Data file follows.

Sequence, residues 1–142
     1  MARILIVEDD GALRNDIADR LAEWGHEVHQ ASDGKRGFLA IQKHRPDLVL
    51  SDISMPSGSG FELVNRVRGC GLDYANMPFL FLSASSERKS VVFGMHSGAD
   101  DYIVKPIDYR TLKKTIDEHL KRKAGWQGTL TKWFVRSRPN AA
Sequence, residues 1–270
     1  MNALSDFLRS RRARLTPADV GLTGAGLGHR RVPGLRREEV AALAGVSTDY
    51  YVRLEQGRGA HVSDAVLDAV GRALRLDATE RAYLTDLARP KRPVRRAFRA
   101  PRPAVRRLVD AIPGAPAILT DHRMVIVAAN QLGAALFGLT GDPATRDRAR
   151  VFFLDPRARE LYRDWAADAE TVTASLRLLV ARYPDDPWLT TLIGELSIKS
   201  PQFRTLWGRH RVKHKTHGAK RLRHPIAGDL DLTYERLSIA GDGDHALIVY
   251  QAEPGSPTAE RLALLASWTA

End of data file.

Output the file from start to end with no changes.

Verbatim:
Sequence, residues 1–142
     1  MARILIVEDD GALRNDIADR LAEWGHEVHQ ASDGKRGFLA IQKHRPDLVL
    51  SDISMPSGSG FELVNRVRGC GLDYANMPFL FLSASSERKS VVFGMHSGAD
   101  DYIVKPIDYR TLKKTIDEHL KRKAGWQGTL TKWFVRSRPN AA
Sequence, residues 1–270
     1  MNALSDFLRS RRARLTPADV GLTGAGLGHR RVPGLRREEV AALAGVSTDY
    51  YVRLEQGRGA HVSDAVLDAV GRALRLDATE RAYLTDLARP KRPVRRAFRA
   101  PRPAVRRLVD AIPGAPAILT DHRMVIVAAN QLGAALFGLT GDPATRDRAR
   151  VFFLDPRARE LYRDWAADAE TVTASLRLLV ARYPDDPWLT TLIGELSIKS
   201  PQFRTLWGRH RVKHKTHGAK RLRHPIAGDL DLTYERLSIA GDGDHALIVY
   251  QAEPGSPTAE RLALLASWTA